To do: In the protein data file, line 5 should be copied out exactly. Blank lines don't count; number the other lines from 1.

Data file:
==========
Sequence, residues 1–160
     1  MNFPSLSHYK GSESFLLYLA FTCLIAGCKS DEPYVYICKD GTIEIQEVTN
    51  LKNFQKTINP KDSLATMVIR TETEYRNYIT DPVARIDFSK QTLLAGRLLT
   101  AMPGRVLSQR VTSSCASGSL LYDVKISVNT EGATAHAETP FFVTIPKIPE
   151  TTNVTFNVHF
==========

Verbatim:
   151  TTNVTFNVHF